The process of using a dashcam as evidence against someone is not that simple, especially if you’re the one capturing footage and intending to use it as evidence. To understand what difficulties may arise for the person caught on camera, it’s important to know what’s allowed regarding using dashcam footage at trial. 

Who Can Use a Dash Cam as Evidence?

To successfully use dashcam footage as evidence against somebody, several criteria must be met. First of all, the person sending dashcam footage to police should have the camera to stand by the fact that they’re not doing anything wrong and are only attempting to report a crime or protect themselves. Secondly, it must show clear evidence of an offense taking place. Last but not least, the video must be admissible in court, meaning that it should meet all the specific criteria for evidence.

What Is a Dashcam?

A dashboard camera, also known as a car camera or dashboard video recorder (DVR), records visual footage from the front of a moving vehicle. Dash cams are used for recording sporting events and personal security like accidents and theft.

The term “dash cam” refers to any portable recorder that records video inside a vehicle, including cameras outside the car. Dashcams can usually be mounted inside the vehicle on the dashboard, and they can record the road in front of the vehicle. Some cameras will record both audio and video, while others will only record audio. Some cameras come with features like GPS that allow you to track your vehicle’s location, speed, and route traveled and automatically save footage or sound clips when an impact is detected.

Situations Where Police Can Ask For Your Dashcam

Police can use your dash camera for many reasons. Some of these reasons are:

1) To prove that it was you who hit a person or caused an accident.

2) To prove that it wasn’t you who hit a person or caused an accident.

3) To prove that it was not your fault for any other reason.

4) To get help on how to give better service in the future.

5) To use as evidence against another driver(s).

6) As a theft deterrent.

7) To determine precisely how far away you hit something.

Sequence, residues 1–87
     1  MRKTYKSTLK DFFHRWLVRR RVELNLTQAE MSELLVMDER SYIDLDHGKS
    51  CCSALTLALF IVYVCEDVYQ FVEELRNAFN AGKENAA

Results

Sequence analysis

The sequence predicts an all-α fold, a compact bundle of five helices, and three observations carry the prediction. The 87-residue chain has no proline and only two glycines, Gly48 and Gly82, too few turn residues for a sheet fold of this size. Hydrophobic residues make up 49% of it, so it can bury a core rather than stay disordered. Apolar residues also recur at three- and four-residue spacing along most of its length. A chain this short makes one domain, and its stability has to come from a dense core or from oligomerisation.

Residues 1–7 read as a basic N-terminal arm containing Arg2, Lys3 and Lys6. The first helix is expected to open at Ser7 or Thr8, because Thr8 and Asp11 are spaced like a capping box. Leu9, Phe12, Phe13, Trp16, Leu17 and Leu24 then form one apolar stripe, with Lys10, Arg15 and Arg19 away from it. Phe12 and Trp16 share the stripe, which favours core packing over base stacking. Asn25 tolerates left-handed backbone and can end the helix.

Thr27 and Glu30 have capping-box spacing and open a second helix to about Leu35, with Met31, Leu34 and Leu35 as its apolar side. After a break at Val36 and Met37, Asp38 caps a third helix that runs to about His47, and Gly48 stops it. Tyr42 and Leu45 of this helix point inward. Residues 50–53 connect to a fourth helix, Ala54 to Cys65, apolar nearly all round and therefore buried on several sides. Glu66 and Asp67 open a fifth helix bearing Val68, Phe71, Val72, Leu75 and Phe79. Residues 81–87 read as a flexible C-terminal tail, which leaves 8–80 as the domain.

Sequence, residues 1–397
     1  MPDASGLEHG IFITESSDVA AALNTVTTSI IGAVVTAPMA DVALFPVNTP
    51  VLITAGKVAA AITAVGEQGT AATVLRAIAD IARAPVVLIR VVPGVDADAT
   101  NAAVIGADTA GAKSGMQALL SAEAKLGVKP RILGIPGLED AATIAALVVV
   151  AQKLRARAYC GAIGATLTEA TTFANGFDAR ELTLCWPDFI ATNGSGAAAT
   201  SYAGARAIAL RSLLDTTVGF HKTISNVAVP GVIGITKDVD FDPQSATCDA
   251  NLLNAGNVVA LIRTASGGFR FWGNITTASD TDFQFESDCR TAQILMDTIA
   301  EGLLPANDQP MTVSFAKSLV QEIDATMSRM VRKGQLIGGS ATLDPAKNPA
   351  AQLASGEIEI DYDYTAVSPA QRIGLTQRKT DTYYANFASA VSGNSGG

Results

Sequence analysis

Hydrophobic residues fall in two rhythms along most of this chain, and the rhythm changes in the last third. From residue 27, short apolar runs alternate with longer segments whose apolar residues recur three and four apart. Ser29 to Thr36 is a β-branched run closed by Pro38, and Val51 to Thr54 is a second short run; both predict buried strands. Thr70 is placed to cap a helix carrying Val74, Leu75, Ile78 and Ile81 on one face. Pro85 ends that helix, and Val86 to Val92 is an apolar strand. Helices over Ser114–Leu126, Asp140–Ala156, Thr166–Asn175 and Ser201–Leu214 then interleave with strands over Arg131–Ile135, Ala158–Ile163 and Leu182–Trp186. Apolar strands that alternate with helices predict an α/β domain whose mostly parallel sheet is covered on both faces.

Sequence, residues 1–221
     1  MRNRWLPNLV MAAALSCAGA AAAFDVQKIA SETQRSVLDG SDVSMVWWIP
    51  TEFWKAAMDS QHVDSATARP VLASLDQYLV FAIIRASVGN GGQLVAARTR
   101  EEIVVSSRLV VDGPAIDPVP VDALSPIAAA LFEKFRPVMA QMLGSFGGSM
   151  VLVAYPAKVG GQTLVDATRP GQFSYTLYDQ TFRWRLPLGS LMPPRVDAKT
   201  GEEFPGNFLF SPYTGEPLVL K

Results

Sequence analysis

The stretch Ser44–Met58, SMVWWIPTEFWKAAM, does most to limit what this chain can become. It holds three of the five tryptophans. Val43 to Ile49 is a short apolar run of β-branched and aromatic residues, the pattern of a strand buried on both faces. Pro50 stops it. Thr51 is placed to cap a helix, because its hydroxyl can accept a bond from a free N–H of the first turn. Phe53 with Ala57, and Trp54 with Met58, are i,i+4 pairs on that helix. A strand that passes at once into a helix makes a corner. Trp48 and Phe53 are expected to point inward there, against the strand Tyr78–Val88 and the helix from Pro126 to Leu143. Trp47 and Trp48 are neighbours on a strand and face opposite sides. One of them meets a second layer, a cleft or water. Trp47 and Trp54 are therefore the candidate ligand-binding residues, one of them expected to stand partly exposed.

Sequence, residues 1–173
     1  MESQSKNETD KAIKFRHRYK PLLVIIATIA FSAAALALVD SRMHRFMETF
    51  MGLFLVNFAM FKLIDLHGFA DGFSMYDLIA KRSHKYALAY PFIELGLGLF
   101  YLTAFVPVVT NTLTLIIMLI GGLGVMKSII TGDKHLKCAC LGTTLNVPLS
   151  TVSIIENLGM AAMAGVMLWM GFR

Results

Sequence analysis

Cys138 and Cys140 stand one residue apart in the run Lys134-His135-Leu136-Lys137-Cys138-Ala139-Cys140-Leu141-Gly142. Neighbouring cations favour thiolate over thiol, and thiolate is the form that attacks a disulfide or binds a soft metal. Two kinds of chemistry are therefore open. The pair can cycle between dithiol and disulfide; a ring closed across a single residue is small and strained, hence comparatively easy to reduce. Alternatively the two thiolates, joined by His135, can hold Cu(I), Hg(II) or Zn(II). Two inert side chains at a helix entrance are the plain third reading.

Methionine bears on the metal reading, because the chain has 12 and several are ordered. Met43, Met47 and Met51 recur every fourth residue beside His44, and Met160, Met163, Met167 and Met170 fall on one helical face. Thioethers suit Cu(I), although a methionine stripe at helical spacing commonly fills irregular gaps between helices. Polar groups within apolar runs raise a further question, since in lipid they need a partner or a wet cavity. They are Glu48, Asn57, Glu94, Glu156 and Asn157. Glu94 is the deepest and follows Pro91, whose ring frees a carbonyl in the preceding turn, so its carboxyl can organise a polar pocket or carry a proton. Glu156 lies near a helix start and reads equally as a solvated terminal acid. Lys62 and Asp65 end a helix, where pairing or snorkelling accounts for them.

8) To judge if your car slapped or collided with another object.

9) To prove that you entered the freeway while at a red light.

10) To help you prevent future accidents.

Can Police Use Your Dashcam Against You?

It is illegal for police to seize a dashcam without serving a notice first. There are specific procedures police would have to follow to obtain access to the footage. However, if your dashcam was stolen or taken without permission, the police can seize the device as evidence and use it to prosecute you.

There would be many instances where law enforcement could ask for access to video footage of an incident, such as when a person is injured during an accident. Since the dashcam is a mobile device, there are no legal restrictions on how long you can hold onto the footage. The only limitation would be if the videotape were of a public place, like when you stopped for gas at a gas station or pulled over at a red light, you need to either delete the footage or turn it in to the police.

What Should You Do in These Situations?

1) If Police Are Attempting To Seize Your Dashcam

• Ask them for a search warrant. A search warrant is a document that grants authority to police to perform a search and seizure of specific property. The officer or officers must state the specific location and items that will be searched and seized.

• Ask if you can continue to videotape and get a copy of the video. You may want to keep a copy for evidence in case the police mishandle your dashcam. If you are unsure, ask them again.

• Ask if you can have it in your possession until they seize it or delete it off of your camera.

2) If Police Ask To Copy Your Dashcam

• If it is a copy, you will be asked to pay for the copying cost.

• Police can get the original and eight copies of your dashcam footage.  If you are being charged, contact an attorney or legal counsel immediately.

• The original can be kept by police until they are given a valid court order. If the police don’t have a valid court order yet, they may keep your dashcam until the case goes to trial.

3) If Your Dashcam Was Stolen

• File a report with law enforcement as soon as possible. You can obtain police reports online, and it is best to do so to show that you were the victim of burglary.

• If you have a tracking device on your dashcam, use that to find it and turn it into the police.

Tips for Keeping Your Device Secure